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Revealing the "hidden" Central Balkan and Pannonian Mesolithic: new radiocarbon evidence from Serbia

Živaljević, Ivana; Dimitrijević, Vesna; Jovanović, Jelena; Blagojević, Tamara; Pendić, Jugoslav; Putica, Anđelka; Uzelac, Viktorija; Bulatović, Jelena; Spasić, Miloš; Anđelić, Dragan; Bajčeta, Milica; Jončić, Nenad; Stefanović, Sofija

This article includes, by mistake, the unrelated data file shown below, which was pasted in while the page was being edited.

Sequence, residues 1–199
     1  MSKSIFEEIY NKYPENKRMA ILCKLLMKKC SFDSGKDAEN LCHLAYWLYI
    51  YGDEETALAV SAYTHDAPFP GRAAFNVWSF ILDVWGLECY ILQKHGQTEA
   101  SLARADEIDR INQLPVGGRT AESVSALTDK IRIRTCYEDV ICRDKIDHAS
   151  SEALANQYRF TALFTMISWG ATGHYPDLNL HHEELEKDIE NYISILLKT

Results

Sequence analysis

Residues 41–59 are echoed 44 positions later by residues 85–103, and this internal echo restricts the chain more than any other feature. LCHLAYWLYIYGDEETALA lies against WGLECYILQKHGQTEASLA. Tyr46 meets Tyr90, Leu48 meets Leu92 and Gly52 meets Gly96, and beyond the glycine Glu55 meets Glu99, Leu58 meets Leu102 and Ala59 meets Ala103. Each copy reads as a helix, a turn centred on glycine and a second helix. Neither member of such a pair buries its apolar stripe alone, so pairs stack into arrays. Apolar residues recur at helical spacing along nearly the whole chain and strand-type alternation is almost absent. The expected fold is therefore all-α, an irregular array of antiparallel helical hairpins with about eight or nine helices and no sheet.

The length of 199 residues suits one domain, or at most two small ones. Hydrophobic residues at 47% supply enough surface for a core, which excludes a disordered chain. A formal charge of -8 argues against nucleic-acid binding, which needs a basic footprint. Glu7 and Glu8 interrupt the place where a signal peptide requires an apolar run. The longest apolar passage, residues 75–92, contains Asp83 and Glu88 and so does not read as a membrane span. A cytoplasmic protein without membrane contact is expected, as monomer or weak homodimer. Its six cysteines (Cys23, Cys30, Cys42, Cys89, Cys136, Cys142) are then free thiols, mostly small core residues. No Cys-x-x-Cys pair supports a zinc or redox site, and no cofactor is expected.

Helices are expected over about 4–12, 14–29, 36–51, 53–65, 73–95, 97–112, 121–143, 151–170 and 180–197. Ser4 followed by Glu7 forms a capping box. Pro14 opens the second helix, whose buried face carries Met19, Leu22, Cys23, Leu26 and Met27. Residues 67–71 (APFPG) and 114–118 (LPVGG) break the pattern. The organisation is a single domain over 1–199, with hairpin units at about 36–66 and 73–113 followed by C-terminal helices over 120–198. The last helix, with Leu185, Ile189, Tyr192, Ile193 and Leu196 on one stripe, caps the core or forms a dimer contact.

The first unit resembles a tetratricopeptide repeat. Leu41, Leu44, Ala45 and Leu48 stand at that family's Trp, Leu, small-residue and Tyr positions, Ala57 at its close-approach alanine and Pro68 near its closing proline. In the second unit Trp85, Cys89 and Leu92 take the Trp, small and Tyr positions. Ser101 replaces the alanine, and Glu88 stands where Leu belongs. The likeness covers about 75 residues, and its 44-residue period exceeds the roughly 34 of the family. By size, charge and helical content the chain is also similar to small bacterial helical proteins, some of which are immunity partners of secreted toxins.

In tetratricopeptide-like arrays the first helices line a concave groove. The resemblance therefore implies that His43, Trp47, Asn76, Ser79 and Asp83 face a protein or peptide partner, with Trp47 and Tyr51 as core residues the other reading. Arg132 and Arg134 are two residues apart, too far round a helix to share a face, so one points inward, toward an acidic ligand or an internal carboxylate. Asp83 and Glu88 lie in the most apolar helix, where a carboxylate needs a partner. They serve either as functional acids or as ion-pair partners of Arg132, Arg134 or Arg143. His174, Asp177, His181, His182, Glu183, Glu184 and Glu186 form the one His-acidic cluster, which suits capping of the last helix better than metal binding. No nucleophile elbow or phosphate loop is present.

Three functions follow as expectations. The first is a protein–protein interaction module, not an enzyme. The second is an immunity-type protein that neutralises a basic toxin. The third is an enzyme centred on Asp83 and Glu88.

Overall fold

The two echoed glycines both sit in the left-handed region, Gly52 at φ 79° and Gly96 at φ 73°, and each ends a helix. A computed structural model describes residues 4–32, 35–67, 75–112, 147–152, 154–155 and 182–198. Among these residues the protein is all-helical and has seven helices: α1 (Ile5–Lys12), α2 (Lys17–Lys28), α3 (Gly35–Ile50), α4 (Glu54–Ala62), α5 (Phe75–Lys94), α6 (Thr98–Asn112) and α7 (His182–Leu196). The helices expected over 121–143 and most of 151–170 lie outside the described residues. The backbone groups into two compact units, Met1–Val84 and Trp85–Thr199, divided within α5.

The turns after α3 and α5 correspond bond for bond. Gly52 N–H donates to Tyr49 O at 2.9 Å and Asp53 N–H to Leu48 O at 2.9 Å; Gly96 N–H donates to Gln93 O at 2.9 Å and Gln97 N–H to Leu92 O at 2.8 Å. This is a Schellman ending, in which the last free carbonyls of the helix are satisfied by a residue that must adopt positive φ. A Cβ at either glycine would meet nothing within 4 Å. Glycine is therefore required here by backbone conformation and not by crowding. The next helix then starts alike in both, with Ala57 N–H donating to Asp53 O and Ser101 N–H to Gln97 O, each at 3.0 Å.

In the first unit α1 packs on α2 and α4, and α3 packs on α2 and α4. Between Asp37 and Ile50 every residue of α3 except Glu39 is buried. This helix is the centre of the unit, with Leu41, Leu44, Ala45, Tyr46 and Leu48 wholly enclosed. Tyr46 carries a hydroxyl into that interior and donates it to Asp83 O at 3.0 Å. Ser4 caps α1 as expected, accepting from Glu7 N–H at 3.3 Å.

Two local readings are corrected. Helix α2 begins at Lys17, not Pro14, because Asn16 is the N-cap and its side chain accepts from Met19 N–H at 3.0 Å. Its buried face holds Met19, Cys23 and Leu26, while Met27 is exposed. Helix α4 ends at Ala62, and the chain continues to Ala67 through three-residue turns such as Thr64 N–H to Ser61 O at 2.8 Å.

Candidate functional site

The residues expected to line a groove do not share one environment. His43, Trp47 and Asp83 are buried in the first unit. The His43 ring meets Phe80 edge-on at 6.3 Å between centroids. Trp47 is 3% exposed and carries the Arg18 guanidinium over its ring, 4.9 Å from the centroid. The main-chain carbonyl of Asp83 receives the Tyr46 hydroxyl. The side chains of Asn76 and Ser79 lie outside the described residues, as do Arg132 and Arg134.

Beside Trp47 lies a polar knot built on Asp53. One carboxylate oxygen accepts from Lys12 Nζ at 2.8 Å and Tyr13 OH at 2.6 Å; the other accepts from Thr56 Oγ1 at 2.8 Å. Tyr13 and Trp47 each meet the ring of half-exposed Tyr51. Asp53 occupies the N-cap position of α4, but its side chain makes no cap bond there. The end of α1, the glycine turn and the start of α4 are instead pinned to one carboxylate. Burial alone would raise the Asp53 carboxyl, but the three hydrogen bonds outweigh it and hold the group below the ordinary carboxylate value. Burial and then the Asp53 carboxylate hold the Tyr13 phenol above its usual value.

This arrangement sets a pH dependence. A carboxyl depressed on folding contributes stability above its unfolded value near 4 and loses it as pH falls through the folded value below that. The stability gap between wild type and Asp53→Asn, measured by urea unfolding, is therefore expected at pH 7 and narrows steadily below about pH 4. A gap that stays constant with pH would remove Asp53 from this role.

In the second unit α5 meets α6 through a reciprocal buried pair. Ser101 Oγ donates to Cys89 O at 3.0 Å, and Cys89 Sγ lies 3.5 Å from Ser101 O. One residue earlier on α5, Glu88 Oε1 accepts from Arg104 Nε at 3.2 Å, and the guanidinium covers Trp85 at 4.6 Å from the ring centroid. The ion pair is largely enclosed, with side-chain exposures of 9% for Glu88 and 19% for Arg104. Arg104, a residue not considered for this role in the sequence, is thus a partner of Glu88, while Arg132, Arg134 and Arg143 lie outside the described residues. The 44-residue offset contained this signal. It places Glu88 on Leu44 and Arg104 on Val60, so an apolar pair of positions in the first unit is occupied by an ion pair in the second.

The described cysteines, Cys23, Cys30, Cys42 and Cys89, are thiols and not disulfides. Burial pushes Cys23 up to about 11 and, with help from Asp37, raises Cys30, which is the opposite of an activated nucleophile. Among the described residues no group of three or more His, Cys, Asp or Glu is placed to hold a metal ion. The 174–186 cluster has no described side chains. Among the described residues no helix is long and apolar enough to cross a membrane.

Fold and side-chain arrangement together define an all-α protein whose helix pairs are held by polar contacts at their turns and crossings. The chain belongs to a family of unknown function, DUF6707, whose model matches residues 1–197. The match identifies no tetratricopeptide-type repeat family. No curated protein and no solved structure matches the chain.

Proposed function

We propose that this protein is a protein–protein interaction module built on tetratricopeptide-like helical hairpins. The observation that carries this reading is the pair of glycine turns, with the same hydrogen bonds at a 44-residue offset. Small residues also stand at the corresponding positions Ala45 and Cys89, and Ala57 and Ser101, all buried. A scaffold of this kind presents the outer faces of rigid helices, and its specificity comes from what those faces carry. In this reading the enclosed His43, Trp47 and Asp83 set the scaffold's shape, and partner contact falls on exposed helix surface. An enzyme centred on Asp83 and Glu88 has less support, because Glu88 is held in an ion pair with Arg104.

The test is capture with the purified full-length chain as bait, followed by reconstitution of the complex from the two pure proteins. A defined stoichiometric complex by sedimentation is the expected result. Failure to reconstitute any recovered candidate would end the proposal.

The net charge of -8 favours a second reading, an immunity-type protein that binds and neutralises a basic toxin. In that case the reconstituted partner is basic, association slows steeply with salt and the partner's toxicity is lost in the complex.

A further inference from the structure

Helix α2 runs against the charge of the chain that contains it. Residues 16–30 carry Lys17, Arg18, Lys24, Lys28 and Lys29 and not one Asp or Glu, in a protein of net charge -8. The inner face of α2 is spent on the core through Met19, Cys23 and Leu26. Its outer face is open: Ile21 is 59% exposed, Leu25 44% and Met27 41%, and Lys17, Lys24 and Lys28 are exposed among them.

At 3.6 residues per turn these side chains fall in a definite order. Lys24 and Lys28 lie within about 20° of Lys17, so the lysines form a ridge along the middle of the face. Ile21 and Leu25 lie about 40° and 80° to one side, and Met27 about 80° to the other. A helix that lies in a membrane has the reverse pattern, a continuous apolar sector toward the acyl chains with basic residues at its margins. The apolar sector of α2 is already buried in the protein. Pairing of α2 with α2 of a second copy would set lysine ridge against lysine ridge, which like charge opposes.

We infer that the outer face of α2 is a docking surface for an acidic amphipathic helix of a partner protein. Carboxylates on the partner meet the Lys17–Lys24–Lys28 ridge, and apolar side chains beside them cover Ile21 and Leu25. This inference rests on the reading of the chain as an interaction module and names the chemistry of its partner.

With the exception of well known Mesolithic sites in the Danube Gorges, which provide ample evidence of (more or less) continuous human occupation between 9500 and 5500 cal BC, the wider areas of the Central Balkans and southern fringes of the Great Pannonian Plain still represent a terra incognita when it comes to the presence and settlement patterns of Mesolithic communities. In the archaeological literature, the absence of Mesolithic sites in the region was associated with environmental changes in the Early Holocene, presumed low human population densities, the visibility and state of preservation of organic material (often the only indicator of human activity), or the lack of adequate research. However, valuable insights into the obscure regional Mesolithic can be gained not only by new archaeological excavations, but also by revisiting and reanalysis of existing archaeological collections. Particularly informative in this respect are the Early Neolithic sites, which are indicative of the extensive spread of farming communities starting from 6200 cal BC, and/or their greater visibility in the archaeological record. Within the ongoing ERC BIRTH project (Births, mothers and babies: prehistoric fertility in the Balkans between 10000 and 5000 cal BC), a large sample of human, animal and plant remains from these sites was AMS dated. Unsurprisingly, the majority of obtained dates corresponded to the expected (Early Neolithic) range between 6200-5500 cal BC. However, several animal bone samples and one human bone sample from the sites of Magareći mlin, Grabovac-Đurića vinogradi and Gospođinci-Nove zemlje produced Mesolithic dates, i.e. were dated to the 8th millennium cal BC. In this paper, we present new AMS radiocarbon dates, discuss the contextual provenance of dated bones, and explore the implications of these results for a better understanding of the problem of the “missing” and “invisible” Mesolithic in the Central Balkans and Southern Pannonia.

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